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Arles is a city of obvious, exotic attractions: ancient Roman buildings, brilliant blue skies, winding streets and brightly painted houses, market stalls heaped with dusty green artichokes and perfect cheeses, the Camargue’s wild delta landscape right on its doorstep. Vincent Van Gogh, inspired by its dazzling light, made more than 30 paintings and hundreds of drawings in Arles from 1888 to 1889.
“I was wondering if I should move my office here,” mused 85-year-old Canadian-born, California-based architect Frank Gehry, when he was here in early April for a stone-laying ceremony for a new building. “Los Angeles, where I live, is a car town. You come here and see the quality of life in the streets and the cafés, and it’s pretty idyllic, a living city.”
Behind the prettiness and the history is a southern French town where the books don’t always balance. Unemployment, at 11-12 per cent among its population of 54,000, is above the national average. In 1986, the SNCF rail yard was decommissioned, leaving a large site of empty post-industrial sheds, and a large hole in the town’s job opportunities. Tourism fills some economic gaps: there are 600,000 visitors a year. In April, the Fondation Vincent Van Gogh, a $15m project to which the Van Gogh Institute in Amsterdam will lend at least eight canvases a year, also opened. It estimates that 80,000 people will pass through its shiny new glazed atrium in its first year.
The president of the Fondation Van Gogh is Swiss ornithologist Luc Hoffmann, beneficiary of the Hoffmann-La Roche pharmaceutical fortune, who first came to the Camargue in 1947, and has done much to protect the area’s unique wetlands. His daughter Maja, 58, herself president of the Fondation Van Gogh’s artistic committee, is following in his philanthropic footsteps, albeit prioritising art over wildlife. Although she owns properties all over the world (a 19th-century former school house in New York, an Adam mansion in London, a cottage on Mustique, a Marcel Breuer villa in Zurich) and was born in Switzerland, she considers herself Arlésienne. “We moved here when I was one week old,” she said. “It’s where I grew up. The big skies are something I think about wherever I am.”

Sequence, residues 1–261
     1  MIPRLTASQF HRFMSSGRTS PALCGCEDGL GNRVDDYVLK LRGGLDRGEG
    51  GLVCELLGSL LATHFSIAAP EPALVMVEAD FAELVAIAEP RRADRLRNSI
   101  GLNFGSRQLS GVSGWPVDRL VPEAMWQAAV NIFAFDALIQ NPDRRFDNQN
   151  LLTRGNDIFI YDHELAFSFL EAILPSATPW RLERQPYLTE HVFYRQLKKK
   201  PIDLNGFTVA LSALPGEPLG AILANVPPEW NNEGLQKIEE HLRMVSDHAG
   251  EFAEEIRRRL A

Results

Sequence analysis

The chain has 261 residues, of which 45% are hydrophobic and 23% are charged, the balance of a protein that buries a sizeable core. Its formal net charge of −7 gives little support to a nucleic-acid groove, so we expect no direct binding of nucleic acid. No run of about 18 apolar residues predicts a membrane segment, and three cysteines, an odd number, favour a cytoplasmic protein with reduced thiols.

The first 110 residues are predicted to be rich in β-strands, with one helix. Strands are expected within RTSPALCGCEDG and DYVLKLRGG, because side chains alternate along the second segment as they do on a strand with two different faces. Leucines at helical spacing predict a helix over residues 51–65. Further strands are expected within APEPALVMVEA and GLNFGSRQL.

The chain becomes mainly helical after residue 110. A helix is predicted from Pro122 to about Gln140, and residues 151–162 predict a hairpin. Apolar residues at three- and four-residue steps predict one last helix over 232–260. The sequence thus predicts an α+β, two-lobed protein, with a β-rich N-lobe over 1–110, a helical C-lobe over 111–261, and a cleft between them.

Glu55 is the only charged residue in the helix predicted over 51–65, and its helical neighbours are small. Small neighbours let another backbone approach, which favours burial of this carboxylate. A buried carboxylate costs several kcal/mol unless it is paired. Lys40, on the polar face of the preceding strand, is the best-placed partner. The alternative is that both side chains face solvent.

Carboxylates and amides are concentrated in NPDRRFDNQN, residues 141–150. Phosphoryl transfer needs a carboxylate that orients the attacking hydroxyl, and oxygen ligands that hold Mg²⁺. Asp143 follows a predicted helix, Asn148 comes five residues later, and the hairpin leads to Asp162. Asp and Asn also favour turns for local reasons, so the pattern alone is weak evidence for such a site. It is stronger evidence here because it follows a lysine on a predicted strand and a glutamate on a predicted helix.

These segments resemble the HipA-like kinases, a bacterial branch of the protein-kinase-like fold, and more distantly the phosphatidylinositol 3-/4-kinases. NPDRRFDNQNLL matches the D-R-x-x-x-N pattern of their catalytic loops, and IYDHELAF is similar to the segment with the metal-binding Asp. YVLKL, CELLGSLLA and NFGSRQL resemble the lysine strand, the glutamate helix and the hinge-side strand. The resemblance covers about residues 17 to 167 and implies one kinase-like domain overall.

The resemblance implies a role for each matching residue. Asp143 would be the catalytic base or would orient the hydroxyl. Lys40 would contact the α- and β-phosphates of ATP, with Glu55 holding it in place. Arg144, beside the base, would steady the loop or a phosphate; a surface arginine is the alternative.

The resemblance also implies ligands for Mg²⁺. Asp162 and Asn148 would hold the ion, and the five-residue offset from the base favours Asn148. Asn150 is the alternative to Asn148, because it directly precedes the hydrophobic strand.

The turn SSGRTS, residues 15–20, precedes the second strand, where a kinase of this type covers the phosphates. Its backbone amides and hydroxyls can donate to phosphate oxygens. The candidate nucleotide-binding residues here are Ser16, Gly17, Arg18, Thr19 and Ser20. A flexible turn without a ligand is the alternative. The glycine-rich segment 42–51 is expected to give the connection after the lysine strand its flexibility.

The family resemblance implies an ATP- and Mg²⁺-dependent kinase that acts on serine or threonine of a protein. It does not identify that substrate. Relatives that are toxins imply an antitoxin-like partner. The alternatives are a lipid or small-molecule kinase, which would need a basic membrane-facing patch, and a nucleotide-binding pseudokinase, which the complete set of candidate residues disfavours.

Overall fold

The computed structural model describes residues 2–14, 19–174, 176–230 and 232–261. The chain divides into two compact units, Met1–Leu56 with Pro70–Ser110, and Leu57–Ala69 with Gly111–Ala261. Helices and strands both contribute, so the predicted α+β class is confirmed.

In July 2013 Maja Hoffmann’s Luma Foundation was granted permission to develop the 20-acre former SNCF site – called the Parc des Ateliers in reference to the huge 19th-century sheds where trains were once made and repaired – into a radical new art campus. The Luma Foundation – set up in 2004 and named after her teenage children Lucas and Marina – has helped a range of art and environmental projects including the cultural programme of London’s Olympic Park. The Arles project will cost €100m and be finished when Gehry’s glittering cluster of stainless steel-clad blocks is completed in 2018.
But at the stone-laying ceremony on April 5, the communist mayor Hervé Schiavetti’s rousing speech – ending Vive la gloire arlésienne, Vive Frank Gehry! Vive Maja Hoffmann! – didn’t resonate well with everyone in the town. François Hebel, for example, who had overseen the past 13 editions of the city’s highly successful Rencontres, a festival of photography that takes place throughout the town every July to September, resigned from his directorship of the event earlier this year after Hoffmann announced that her Luma Foundation would be taking over the site.
“Seven years ago, I suggested to Maja Hoffmann that she buy these ateliers to refurbish them for Les Rencontres d’Arles,” he told web reporter Molly Benn in March. “But in 2009 she changed her mind and came up with the project of a contemporary art centre. She wanted, little by little, to expel Les Rencontres.”
Others are concerned that Hoffmann’s stream of acquisitions – she now owns four hotels in the town and a delightful Michelin-starred organic restaurant, La Chassagnette, just outside – is making her inordinately powerful in such a small place. Mayor Schiavetti, when questioned by local press about the “Princess of Arles”, as she has been called, replied politely: “I’d rather be in this situation [than not].”
Gehry’s building will dominate Hoffmann’s site, and will doubtless become a new symbol of an old town. He was appointed without a competition – they had met when she co-produced the documentary film Sketches of Frank Gehry in 2006.
“I knew I wanted to work with Frank,” she told me. “To my mind, his free forms go well with the Mediterranean spirit.”